Lying happens every day. Lying in negotiations and mediation happens. Lies of omission are practically expected, while we hope at least lies of commission won’t be made. Being able to decipher if someone is holding back could be critically useful and help determine the true intentions of opposing parties (and maybe even your own client).
Lying in Negotiations
There are many ways to help you do this, including physical responses and facial expressions. Though those responses cannot be suppressed, it can take alot of focus and attention to catch facial expressions at 1/15 of a second. Listening for verbal cues about a speaker’s complete truth telling may be an easier and more effective technique for a person not trained to understand every micro-expression. .
How can you tell someone’s lying? Their lips are moving too much.
Those cues can include excessive talking, use of third-person pronouns and an increase in profanity, according to the findings of a study that looks into the language of deception, discussed in the paper Evidence for the Pinocchio Effect: Linguistic Differences Between Lies, Deception by Omissions, and Truths, which was published in the journal Discourse Processes and written about in an article by the Harvard Business School.
Deepak Malhotra, of the Harvard Business School, coauthored the paper with Associate Professor Lyn M. Van Swol and doctoral candidate Michael T. Braun, both from the University of Wisconsin—Madison. According to Malhotra,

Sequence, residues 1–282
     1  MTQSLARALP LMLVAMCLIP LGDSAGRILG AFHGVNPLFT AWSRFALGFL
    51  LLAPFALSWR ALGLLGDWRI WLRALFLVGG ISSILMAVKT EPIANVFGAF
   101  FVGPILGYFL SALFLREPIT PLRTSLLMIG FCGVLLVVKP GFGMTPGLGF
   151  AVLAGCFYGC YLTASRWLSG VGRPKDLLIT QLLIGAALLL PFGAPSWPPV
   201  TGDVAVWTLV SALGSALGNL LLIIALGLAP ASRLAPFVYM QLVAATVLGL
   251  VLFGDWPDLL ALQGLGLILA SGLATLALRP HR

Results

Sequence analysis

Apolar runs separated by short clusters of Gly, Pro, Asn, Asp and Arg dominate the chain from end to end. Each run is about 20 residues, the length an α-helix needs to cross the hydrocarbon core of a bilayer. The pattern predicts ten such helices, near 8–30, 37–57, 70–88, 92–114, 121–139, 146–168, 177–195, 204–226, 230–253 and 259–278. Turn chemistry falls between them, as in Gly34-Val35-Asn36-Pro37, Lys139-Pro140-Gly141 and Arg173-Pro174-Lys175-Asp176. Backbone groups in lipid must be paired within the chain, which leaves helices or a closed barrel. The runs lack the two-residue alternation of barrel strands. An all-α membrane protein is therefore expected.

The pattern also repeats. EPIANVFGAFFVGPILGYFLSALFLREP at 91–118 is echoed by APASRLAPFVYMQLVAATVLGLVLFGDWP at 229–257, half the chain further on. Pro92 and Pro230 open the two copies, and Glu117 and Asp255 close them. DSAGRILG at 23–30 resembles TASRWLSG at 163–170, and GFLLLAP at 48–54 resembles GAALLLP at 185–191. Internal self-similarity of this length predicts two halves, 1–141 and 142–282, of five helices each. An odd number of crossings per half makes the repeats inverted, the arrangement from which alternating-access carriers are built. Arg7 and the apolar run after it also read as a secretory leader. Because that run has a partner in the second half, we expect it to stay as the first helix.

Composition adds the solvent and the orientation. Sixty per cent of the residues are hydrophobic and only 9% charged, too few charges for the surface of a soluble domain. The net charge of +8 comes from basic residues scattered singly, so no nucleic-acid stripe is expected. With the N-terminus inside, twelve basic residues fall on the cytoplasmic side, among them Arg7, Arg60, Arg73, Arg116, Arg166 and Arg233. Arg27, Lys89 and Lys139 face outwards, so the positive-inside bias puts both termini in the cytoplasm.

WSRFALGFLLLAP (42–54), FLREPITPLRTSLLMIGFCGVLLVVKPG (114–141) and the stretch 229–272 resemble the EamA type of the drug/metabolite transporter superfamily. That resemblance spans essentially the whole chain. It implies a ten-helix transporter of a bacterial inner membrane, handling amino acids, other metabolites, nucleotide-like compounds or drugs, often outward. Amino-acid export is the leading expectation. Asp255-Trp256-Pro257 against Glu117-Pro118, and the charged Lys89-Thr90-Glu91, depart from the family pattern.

“Most people admit to having lied in negotiations, and everyone believes they’ve been lied to in these contexts…We may be able to improve the situation if we can equip people to detect and deter the unethical behavior of others…Just like Pinocchio’s nose, the number of words grew along with the lie.”
Those who spoke more were more likely to be lying but also more likely to be trusted.
To garner a sample of truth tellers, liars, and deceivers by omission, the researchers recruited 104 participants to play the ultimatum game, a popular tool among experimental economists. Researchers’ key findings about the liars in the game: word count, profanity, and pronouns. The study found that liars:
- Used many more words during the game than did truth tellers, presumably in an attempt to win over suspicious receivers.
- Spoke in more complex sentences than either truth omitters or truth tellers.
- Swore more than truth tellers, especially when one side voiced suspicion about them.
- Used far more third-person pronouns than truth tellers or omitters, thought to be a way of distancing themselves from and avoiding ownership of a lie.
Those who engaged in deception by omission used fewer words and shorter sentences, but that turned out not to be a good strategic move. Players trusted the bald-faced liars far more than they trusted those who tried to deceive by omission. The relative silence garnered more suspicion than flat-out falsehoods.
Researchers emphasize that linguistic cues are not a foolproof method of detecting lies, but the factors found to be associated with lies and deception could be warning signs that should prompt more vigilance and further investigation concerning the veracity of the people with whom we are dealing.
When communicating with others, keep your eyes and ears open to signs of lying and deception. Though not proof positive, if these factors are present, take what’s being said with a very big grain of salt.